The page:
Amy Shea’s Defending Happiness: And Other Acts of Bravery reads like an updated Erma Bombeck for our time.
The chapters are well-focused and filled with humorous anecdotes that every woman living in our youth-drawn, self-seeking culture can relate to. As a body of work, Shea’s collection encourages us to expand ourselves beyond what we’re told to expect from life and have an authentic relationship with the world. She states, “Many see happiness as something that happens to them, but I believe you have to find it, go after it, and protect what makes you happy.”
As a buddhist, I spend time exploring the construct of the word “happiness,” its relevance and its manifestations in the world. I have come to the conclusion that the quotidian definition of happiness, wrapped up as it is in external circumstance, is ultimately unsatisfying. Defending Happiness makes that point through personal story telling without conceit.
In particular, Shea’s story about finding the signs of aging in herself resonated with me. She illuminated the way in which she had to grapple with the feelings that evidence of aging set loose. In an interview she’s stated, “I felt angry and set up by it. But that was another opportunity to really question what I was associating aging with. It felt like one big ending, and that turned out not to be true at all.”
Throughout the book, Shea alludes to her personal biography. Among the challenges she has faced are growing up in a housing project poor with six siblings, interpersonal violence within her family and breast cancer. These are essential elements of her life story and these revelations were enticing. At times they were incomplete, however. I would have enjoyed a first chapter dedicated to developing a more complete personal biography, so that I could put the other essays into context without having to assemble the pieces myself as I was reading.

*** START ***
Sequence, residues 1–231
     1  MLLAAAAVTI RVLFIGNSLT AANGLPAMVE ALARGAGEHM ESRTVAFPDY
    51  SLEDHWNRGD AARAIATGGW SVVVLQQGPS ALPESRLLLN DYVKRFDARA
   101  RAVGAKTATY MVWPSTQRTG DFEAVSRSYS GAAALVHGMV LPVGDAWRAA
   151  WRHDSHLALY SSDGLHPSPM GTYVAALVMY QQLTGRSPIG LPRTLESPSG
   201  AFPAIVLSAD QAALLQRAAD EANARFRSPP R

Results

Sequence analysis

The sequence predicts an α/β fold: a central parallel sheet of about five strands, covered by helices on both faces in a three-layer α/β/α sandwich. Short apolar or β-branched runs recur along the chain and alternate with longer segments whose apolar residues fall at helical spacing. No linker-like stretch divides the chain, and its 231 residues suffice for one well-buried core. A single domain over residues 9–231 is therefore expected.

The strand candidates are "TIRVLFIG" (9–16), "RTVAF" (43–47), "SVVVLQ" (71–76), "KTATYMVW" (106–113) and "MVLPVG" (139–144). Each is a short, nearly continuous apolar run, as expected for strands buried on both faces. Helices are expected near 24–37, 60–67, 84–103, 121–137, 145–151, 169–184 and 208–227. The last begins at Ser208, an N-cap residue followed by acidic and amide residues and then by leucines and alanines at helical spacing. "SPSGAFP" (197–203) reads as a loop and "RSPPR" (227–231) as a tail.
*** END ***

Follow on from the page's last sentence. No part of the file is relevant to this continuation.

An example of complexities that are difficult to appreciate without more background information is Shea’s relationship with her father. She admits to having mixed feelings toward him, alternately anger and forgiveness. She alludes to his not being motivated to get up and engage with her in activities as a child and reveals her thoughts regarding his stroke and subsequent difficulty communicating. Because the story elements of this relationship were spread across numerous chapters, I couldn’t construct a cohesive arc to the relationship, which was too bad as I was very interested in learning more about it.
At various points in her stories, it becomes clear that Shea is a social and political liberal. As that is also my tendency, I found the references to be amusing. These moments of partisan revelry, may be less satisfying for women who strongly identify as conservative and/or Republican.
Overall, I found Defending Happiness to be a pleasurable read. Shea does a good job of encouraging us to maintain our sense of humor when we might otherwise become frustratingly mired in our failures.